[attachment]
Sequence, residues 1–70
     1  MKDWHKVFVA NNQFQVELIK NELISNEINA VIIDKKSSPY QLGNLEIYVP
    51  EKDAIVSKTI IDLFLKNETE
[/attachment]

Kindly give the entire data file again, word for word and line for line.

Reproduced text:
Sequence, residues 1–70
     1  MKDWHKVFVA NNQFQVELIK NELISNEINA VIIDKKSSPY QLGNLEIYVP
    51  EKDAIVSKTI IDLFLKNETE